A lifelong lover of lakes, rivers, oceans, pools and pretty much all things swimmable, I’ll admit I was overly excited last spring, when my partner, Andy, told me he wanted to go shopping for kayaks.
“My kid’s been kayaking with her dad since she was a little girl. It can’t be that hard,” I remember thinking as we drove to the Next Adventure shop in Southeast Portland.
I soon psyched myself into believing we would become expert paddlers in no time.
And then we tried to hoist Andy’s brand new, sticker-still-on-it, seemingly 10,000-pound fishing kayak over our heads and onto his Subaru.
“I already hate kayaking,” I told him. “Maybe we should just go swimming?”
But we persisted.
And while I may never enjoy lifting kayaks onto a rooftop rack, I can say with confidence that, six months and several paddling adventures later, kayaking is one of the best ways to shake off urban life, let your stress melt away and enjoy some of the prettiest places the Pacific Northwest has to offer.
When we first started kayaking, we stuck primarily to lakes. Then we worked our way up to sloughs, and, most recently, have been exploring the Lewis River-Vancouver Lake Water Trail, which starts near Woodland and winds its way along Clark County rivers and lakes, through a national wildlife refuge in Ridgefield, a state park near La Center, two state wildlife areas and hundreds of acres of conservation land.
There are, of course, some wonderful Camas-Washougal kayaking spots — including Lacamas and Round lakes for beginners and the Washougal River for more advanced kayakers wanting the thrill of a few Class 2-3 rapids — but for local folks craving an easy day-paddle who don’t want to go too far (or battle Portland traffic), the Water Trail offers 32 miles of easy-to-advanced kayaking journeys.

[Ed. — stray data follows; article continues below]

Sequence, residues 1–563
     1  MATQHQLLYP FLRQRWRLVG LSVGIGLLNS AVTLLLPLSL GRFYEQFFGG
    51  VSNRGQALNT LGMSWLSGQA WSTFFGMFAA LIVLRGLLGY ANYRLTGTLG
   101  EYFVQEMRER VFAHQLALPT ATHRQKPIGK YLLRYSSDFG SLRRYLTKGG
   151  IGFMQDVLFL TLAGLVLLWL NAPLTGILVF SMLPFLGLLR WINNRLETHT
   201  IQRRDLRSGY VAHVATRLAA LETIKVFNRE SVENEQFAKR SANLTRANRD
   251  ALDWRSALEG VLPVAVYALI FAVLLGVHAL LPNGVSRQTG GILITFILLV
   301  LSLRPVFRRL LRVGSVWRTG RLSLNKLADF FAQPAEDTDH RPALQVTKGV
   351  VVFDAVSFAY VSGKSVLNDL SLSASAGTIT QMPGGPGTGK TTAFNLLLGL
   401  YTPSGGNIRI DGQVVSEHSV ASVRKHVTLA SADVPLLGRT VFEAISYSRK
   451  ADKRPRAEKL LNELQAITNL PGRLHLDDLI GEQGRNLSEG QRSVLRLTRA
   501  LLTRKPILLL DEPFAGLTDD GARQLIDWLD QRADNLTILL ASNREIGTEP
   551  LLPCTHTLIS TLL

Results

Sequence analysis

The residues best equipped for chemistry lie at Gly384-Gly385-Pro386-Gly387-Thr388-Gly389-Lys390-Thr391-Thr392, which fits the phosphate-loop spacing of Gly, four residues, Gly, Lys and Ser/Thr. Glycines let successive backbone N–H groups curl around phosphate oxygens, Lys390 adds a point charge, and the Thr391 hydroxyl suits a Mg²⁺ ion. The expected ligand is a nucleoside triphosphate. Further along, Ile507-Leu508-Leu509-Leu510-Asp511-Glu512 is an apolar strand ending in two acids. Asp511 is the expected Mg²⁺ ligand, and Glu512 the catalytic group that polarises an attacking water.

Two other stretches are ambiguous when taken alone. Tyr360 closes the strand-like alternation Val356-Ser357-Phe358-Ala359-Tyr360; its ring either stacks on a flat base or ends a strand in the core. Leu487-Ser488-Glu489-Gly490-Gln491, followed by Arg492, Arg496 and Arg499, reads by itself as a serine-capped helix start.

Lessons from a La Center to Paradise Park (and back again) paddle
Two weeks ago, Andy and I decided to give the “East Fork Lewis River: La Center” section of the Water Trail a try.
Having covered the city of La Center as a news reporter for two other Clark County media publications, I knew La Center’s leaders had recently opened a “Water Trail” park specifically to accommodate kayakers, so I really wanted to see how the park had turned out.
Located at 32399 N.W. Pollock Road in La Center, the John Pollock Water Trail Park, which opened in 2017, features ample parking, a lifejacket station, picnic tables and a small but easily accessible kayak launch that puts you straight into the East Fork Lewis River.
Seconds after launching our kayaks into the water, we encountered a group of five kayakers who had just paddled up the river from Paradise Point State Park and were now starting their journey back to their vehicles.
One of the kayakers — a man named Mike from Cowlitz County, Washington — accompanied us for part of our trip and told us about a horse ranch southeast of the Water Trail Park kayak launch, toward the La Center Bottoms, where the horses come right up to the water to check out passing paddlers.
We had already planned to head northwest, however, so we opted to check out the horses another day.
Instead, we took a left turn out of the kayak launch and began a leisurely paddle northwest, toward Paradise Point State Park.
With wide, calm water flanked by spacious La Center properties on one side and the East Fork Lewis River Greenway on the other, this part of the Water Trail is ideal for beginning kayakers. The only somewhat tricky part for complete novices might be entering and exiting the water from the kayak launch at the John Pollock Water Trail Park, where the water is still deep enough to submerge you up to your knees. Paddlers also should watch out for wooden pilings as they make their way under the bridge that crosses into downtown La Center.